Growing up, I didn't aspire to be much. I had a short phase where I wanted to be a Navy SEAL and another one where I wanted to be an NBA player. I had a fantasy about becoming a professional wrestler in middle school and I spent my high school years thinking about joining the ministry. But once I reached the end of high school, there was no doubt in my mind what I wanted to be: a filmmaker.
I had grown up with a love of film cultivated by years of hanging out in video stores and collecting various movies. The 90's independent scene was red hot with names like Kevin Smith, Robert Rodriguez, and Quentin Tarantino breaking out and making the type of movies they wanted to make, not the normal stuff the Hollywood machine churned out. Even better, all three men were film geeks like myself, and that gave me something to aspire to.
The earliest origins of my film making dream can be dated back to sitting in study hall my freshmen year of high school. It was here that I spent my free time writing scripts for the movies I wanted to see which were mostly sequels of the films I loved. I wrote a sequel to The Rock as well as Ghostbusters (the opening scene was pretty awesome with the Ghostbusters fighting off the ghost of Andre the Giant in Madison Square Garden.) I dabbled with some of my own original ideas and eventually decided it was time for me to break out my dad's old camcorder and make my own short. I wrote an Evil Dead inspired script that would take place in the shed in our backyard that sadly I never made.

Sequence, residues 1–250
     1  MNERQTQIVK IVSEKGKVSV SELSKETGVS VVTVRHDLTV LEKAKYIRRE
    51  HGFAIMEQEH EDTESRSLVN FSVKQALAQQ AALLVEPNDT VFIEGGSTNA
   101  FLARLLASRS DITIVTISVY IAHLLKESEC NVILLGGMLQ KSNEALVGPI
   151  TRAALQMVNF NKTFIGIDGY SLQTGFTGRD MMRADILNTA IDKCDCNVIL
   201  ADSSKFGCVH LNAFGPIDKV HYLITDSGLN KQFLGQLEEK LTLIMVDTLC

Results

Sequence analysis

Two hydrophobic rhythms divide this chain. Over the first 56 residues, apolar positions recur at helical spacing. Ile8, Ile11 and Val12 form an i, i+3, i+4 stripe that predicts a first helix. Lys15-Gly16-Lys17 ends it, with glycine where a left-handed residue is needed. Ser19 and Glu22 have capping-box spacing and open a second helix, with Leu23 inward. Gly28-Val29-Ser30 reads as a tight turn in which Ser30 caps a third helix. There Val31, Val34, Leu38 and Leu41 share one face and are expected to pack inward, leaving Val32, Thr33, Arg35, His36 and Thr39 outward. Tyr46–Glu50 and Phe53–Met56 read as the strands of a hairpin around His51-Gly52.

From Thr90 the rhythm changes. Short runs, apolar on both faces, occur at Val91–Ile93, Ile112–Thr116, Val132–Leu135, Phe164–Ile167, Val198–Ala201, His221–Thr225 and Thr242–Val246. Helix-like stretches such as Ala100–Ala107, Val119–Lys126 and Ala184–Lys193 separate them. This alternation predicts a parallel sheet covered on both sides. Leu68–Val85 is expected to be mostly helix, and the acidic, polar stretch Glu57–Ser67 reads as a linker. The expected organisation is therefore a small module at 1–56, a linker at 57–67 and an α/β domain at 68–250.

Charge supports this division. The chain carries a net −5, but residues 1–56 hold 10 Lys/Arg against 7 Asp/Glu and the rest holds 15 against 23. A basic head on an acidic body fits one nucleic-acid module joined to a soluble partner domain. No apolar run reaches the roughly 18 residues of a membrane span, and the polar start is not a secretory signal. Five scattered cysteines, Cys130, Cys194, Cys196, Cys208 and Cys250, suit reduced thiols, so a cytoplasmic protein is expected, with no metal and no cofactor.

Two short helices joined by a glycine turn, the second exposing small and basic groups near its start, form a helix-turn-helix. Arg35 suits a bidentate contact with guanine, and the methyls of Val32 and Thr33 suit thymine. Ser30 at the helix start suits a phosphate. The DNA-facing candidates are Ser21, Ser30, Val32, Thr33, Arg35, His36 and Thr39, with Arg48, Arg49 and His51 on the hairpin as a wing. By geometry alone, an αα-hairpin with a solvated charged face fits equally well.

It wasn't until I found myself working at Blockbuster and dreaming with my buddy Matt did my dreams of film making begin to come true. With his unrelenting support, I found myself standing in a Black Friday line at Best Buy at 4:30 AM hoping to get my hands on an entry level MiniDV camera. I did not freeze my gonads off in vain, as I walked out with a camera and I immediately got to work at writing a script.
I took some advice from Robert Rodriguez's Rebel Without a Crew, a book I read over and over again. I thought about what I had access to and then wrote my script around that. I knew I had my buddy Matt, my friend Anthony was coming into town for Christmas, and two females. I had my house, my girlfriend's apartment, and a park. I started crafting a story around these people and locations and what emerged was a short film titled Skin Deep. It was quite progressive for 2004, as it was the story of a black man who falls in love with a white girl online, but she has no idea he's black until she shows up for their first real life date. She rejects him and afterwards we see the fall out her actions in both of their lives.